dogs sitting next to bottle and spray of Benadryl

Can You Give Dogs Benadryl?

Posted by Elizabeth Racine D.V.M. on

dogs sitting next to bottle and spray of Benadryl

If your dog experiences allergy symptoms like itching, you may have wondered “can I give Benadryl to my dog?” 

You can, in fact, give Benadryl to dogs, but with a few caveats. Before you give your dog Benadryl, make sure you know the ins and outs of this common antihistamine.  

What is Benadryl?

Benadryl is the brand name of the drug diphenhydramine, which is an antihistamine. "Histamine" is a compound released by cells in response to injury or during allergic or inflammatory reactions. Histamine is part of the process that causes those familiar allergic symptoms like sneezing, watery eyes, swelling, hives, and itching.

An antihistamine (like diphenhydramine) relieves these symptoms by blocking the action of histamine.  

Diphenhydramine is available as an over-the-counter medication in many different forms, one of the most common of which is the brand name Benadryl. Benadryl tablets come in various dosages. Liquid Benadryl is another option.

Generic diphenhydramine products are also available.

What is Benadryl Used for In Dogs?

dog scratching ear in golden light

In dogs, Benadryl is commonly used to treat mild itching from environmental allergies. It may also be used as a pre-medication for dogs prone to allergic reactions to vaccinations. It might also be used as treatment for allergic reactions to vaccines, insect bites, stings, or other causes. 

Benadryl may also be used to prevent nausea from car sickness, although it is less effective than other antihistamines and anti-emetics like Dramamine and Cerenia, respectively.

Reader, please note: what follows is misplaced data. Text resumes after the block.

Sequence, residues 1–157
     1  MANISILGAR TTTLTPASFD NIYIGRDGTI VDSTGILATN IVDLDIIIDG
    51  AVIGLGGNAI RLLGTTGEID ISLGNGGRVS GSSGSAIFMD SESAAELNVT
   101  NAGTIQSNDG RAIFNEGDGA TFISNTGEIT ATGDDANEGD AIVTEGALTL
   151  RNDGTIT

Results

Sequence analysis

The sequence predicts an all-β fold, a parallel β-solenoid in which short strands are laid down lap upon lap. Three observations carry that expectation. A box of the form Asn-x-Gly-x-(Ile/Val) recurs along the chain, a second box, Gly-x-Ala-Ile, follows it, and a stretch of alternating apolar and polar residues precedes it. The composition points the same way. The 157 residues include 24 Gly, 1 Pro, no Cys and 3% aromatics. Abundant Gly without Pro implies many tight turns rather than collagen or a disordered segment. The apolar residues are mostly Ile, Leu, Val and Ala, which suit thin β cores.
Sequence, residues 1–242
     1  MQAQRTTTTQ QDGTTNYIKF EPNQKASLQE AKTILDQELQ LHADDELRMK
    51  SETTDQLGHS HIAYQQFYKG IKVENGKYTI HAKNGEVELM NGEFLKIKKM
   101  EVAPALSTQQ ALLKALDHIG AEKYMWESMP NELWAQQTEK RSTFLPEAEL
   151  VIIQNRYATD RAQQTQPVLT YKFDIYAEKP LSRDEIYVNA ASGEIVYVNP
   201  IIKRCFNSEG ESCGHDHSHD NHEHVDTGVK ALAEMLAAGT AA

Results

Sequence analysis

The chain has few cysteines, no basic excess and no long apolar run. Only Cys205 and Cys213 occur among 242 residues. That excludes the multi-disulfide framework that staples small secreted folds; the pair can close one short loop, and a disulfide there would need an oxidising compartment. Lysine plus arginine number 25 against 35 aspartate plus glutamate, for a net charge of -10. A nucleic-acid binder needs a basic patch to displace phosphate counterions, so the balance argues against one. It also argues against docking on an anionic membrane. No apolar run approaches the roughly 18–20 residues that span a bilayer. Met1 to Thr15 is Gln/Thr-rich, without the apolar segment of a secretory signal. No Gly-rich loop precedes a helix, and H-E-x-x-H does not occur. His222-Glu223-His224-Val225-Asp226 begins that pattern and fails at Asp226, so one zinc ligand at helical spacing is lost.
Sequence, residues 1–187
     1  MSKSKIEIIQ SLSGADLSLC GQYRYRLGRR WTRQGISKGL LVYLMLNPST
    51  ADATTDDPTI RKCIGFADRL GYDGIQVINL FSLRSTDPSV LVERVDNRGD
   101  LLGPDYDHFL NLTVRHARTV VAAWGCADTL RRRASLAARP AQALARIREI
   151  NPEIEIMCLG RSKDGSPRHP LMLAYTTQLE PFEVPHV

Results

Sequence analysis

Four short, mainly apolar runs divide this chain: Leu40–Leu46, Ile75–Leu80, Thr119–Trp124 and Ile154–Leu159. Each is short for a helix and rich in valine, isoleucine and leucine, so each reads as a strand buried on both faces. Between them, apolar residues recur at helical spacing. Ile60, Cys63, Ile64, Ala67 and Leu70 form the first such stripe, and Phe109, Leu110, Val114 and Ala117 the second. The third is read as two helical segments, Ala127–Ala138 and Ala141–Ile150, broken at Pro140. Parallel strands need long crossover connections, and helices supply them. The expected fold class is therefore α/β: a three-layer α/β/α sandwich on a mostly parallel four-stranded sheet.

Because it does have a mildly sedating effect, it is also used as a sedative for travel or stressful events. However, Benadryl does not have any anti-anxiety effects, making it a poor choice for the management of fear and anxiety in dogs

Many dogs also develop a tolerance to Benadryl over time, so it may not be an appropriate choice for long-term use.

What Are The Side Effects of Benadryl Use in Dogs?

cute pug laying down flat

The main side effect of Benadryl in dogs is mild sedation. This is sometimes the desired effect when Benadryl is used for travel or stressful events, but some owners dislike seeing their pet groggy and “out of it."

Other side effects from Benadryl administration can include:

  • Agitation (particularly at higher doses)
  • Behavioral changes
  • Loss of appetite
  • Vomiting
  • Constipation
  • Diarrhea
  • Dry mouth
  • Urinary retention
  • Dilated pupils
  • Elevated heart rate
  • Hypersensitivity reactions

Is Benadryl Safe for Dogs?

In general, Benadryl is safe for most dogs. However, Benadryl should be used with caution. Benadryl should not be used in patients with asthma attacks or in any patient with a known hypersensitivity to Benadryl.

Benadryl should be used with caution in patients with conditions such as:

  • Seizures
  • Glaucoma
  • Prostatic hypertrophy
  • Urinary bladder obstruction
  • Pyloroduodenal obstruction
  • Liver disease
  • Hyperthyroidism
  • Urinary retention
  • Intestinal atony
  • Cardiovascular disease
  • High blood pressure
  • Hypertension
  • Chronic obstructive pulmonary disease